Toyota and Tiger Woods: Kindred spirits Alex Taylor III, senior editor

NEW YORK (Fortune) -- The question is being raised more and more: Can Toyota recover its reputation?

There is no simple answer. The automaker once enjoyed exceptional renown. In addition to being the largest and most profitable auto company on the planet, Toyota was the most studied and copied. Its production system became a benchmark and a model for competitors to emulate around the world.

On top of that, Toyota (TM) was known for always putting the customer first, hence its passion for building cars with the highest quality and reliability. The automaker obsessively studied car buyers to find out what they wanted and then provided it for them. It became a leader in new vehicle segments like crossovers, and new technologies like gas-electric hybrids.

But when a crisis arose in the form of complaints about unintended acceleration, Toyota didn't know what to do. Rather than make a forthright statement about the problem, its history, and its proposed solution, the automaker responded with obfuscation, delay, blame-shifting, and denial.

Not until last August, when a Lexus driven by an off-duty California highway patrolman rolled over and burst into flames, killing the driver and three members of his family, did the issue reach widespread public awareness. And when the time came to apportion responsibility for the incident and outline a new direction for the company, top Japanese executives were nowhere to be seen. When president Akio Toyoda first came forward to take responsibility and promise solutions, he seemed to do so with reluctance.

Compare that to the Tiger Woods scandal. Like Toyota, Woods had a reputation for excellence that far exceeded other golfers.

Like Toyota, Woods was widely emulated for his faultless behavior and superb sportsmanship.

Like Toyota, Woods initially put out a story about his wife, a golf club, and the shattered windows of his SUV that bore little relation to reality.

Like Toyota, the news about Woods' missteps was allowed to trickle out day by day without being effectively refuted.

Like Toyota, Woods refused to make a public appearance to apologize for his misdeeds (and still hasn't), preferring to issue press releases instead.

And like Toyota, Woods promised to mend his ways, without offering any convincing evidence of exactly how he will do that.

Just as Toyota has seen sales crumble and its used car values plummet, Woods has been abandoned by his corporate sponsors and shunned by other golfers.

Does this mean that Tiger and Toyota have seen their reputations permanently destroyed? Witnessed the domination of their respective enterprises ended? Are about to be permanently consigned to the ranks of the disgraced and the second-rate?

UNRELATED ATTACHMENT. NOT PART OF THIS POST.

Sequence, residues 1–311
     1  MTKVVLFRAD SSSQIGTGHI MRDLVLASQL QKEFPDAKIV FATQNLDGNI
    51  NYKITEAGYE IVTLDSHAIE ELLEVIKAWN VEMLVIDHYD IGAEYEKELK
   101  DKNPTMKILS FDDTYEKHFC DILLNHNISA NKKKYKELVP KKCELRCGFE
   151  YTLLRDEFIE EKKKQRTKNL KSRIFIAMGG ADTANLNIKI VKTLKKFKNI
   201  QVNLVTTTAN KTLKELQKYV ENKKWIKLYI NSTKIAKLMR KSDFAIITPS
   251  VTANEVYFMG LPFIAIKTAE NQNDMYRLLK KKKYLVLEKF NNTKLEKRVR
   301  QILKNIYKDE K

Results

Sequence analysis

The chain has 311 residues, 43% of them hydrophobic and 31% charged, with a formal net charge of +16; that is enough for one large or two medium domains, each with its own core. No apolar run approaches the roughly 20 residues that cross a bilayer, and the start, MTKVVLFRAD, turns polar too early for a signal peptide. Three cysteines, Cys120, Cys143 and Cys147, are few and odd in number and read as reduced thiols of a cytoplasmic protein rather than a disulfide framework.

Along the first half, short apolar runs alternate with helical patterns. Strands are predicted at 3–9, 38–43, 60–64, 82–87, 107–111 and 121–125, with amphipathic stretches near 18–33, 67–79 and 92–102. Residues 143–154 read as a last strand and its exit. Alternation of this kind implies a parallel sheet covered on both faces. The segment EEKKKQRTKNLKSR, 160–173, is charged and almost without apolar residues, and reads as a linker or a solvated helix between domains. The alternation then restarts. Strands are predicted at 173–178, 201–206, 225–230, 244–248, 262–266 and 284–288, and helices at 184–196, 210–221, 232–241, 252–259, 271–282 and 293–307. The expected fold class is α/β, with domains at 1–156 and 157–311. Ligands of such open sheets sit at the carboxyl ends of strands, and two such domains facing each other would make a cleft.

The betting here is that the answer to all three questions is "no."

Tiger Woods remains one of the best golfers in history, and assuming he can regain his form and start to win again, his fans will return.

The American public has a short memory, an inclination to forgive, and a willingness to extend second-chances. History is full of examples. After declaring he was leaving politics in 1962, Richard Nixon came back and was elected president in 1968. There have lately been reports that Eliot Spitzer, who resigned in disgrace as governor of New York two years ago, is considering a comeback of his own, thanks to an understanding electorate.

The same is true with Toyota, although the reasoning is more economic and less emotional.

American customers want to buys cars they like, and if they decide they still like Toyotas, they will continue to buy them. Ford (F, Fortune 500) was rattled by the Explorer-Firestone tire crisis in 2001, but it eventually recovered because the Explorer was a popular SUV.

Rehabilitation comes down to dollars and cents. If Toyota can convince shoppers that it still offers a strong value, then they will find their way to Toyota dealers.

The critical ingredient that is still missing from the rehabilitation of both Tiger and Toyota is that convincing personal apology. Tiger hasn't been seen in public since the night of the accident and needs to make a believable account of his behavior along with a statement of his determination to change.

Likewise, Toyota president Akio Toyoda, as well as his management team, must make a complete explanation of their response to unintended acceleration and answer a comprehensive set of questions from outside experts. Only then will its slate be wiped clean, and Toyota will be free to begin the long process of rebuilding its reputation. To top of page

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